'Brexit' threatens to undermine U.S.-Britain special relationship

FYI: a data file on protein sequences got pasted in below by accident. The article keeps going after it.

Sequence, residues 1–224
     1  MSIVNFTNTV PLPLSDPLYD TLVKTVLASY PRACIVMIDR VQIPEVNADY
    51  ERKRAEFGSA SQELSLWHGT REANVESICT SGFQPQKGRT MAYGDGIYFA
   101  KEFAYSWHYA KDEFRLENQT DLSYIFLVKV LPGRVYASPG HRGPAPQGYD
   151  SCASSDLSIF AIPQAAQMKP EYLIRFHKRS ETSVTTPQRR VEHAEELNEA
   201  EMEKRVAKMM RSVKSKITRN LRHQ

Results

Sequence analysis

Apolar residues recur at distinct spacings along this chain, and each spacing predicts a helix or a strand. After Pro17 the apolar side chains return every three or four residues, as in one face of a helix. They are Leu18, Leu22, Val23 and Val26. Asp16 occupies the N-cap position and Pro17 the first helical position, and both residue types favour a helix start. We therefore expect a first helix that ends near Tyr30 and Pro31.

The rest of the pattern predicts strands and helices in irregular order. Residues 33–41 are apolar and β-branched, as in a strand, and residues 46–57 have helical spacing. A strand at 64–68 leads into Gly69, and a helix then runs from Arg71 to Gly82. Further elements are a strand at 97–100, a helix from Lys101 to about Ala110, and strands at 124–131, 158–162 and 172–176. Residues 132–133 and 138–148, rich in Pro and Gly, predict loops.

WASHINGTON – Britain’s decision to quit the European Union could send damaging shockwaves through the bedrock Anglo-American “special relationship,” raising questions about London’s willingness and ability to back US-led efforts in global crises ranging from the Middle East to Ukraine. The loss of the strongest pro-US voice within the 28-nation bloc, as a result of the “Brexit” referendum, threatens to weaken Washington’s influence in European policymaking and embolden Russian President Vladimir Putin to further challenge the West, analysts and former diplomats say. The British referendum on Thursday, widely seen as reflecting an increasingly nationalistic and inward-looking public, also risks the splintering of the United Kingdom itself, which could further reduce its role and stature in world affairs. Britain's departure -- which is not immediate and must be negotiated with the EU -- could present the next US president with a decision on whether to turn to other key European partners like Germany and France, essentially downgrading a special US bond with London forged in World War Two. Ivo Daalder, a former US ambassador to NATO and the president of the Chicago Council on Global Affairs, said Britain’s ability to press its views and policy preferences with its European allies and within NATO, where it provided strong political backing to the United States, will be diminished. “You clearly have a much weaker Britain whose sway in European capitals is lessened by the vote,” Daalder said. As a result, he said, the United States likely will have to work harder to maintain trans-Atlantic and European unity. Anything that divides Europe, he added, “is a win for Russia because that has been a policy of Putin and of Russia.” A US intelligence official, speaking on condition of anonymity, said: "This is certain to encourage the Russians to continue and probably intensify their campaign of supporting far-right nationalist movements in Western and Eastern Europe as part of their effort to neuter NATO.” Phil Gordon, a former senior foreign policy adviser to Obama, expressed concern that Europe will become inwardly focused on Britain’s departure and independence movements on the continent, leaving the United States to shoulder more of the international burden. “The more time it spends on doing that, the more resources it spends on coping with the consequences of that, the less time and money and political capital it is going to have to help us with global challenges,” he said.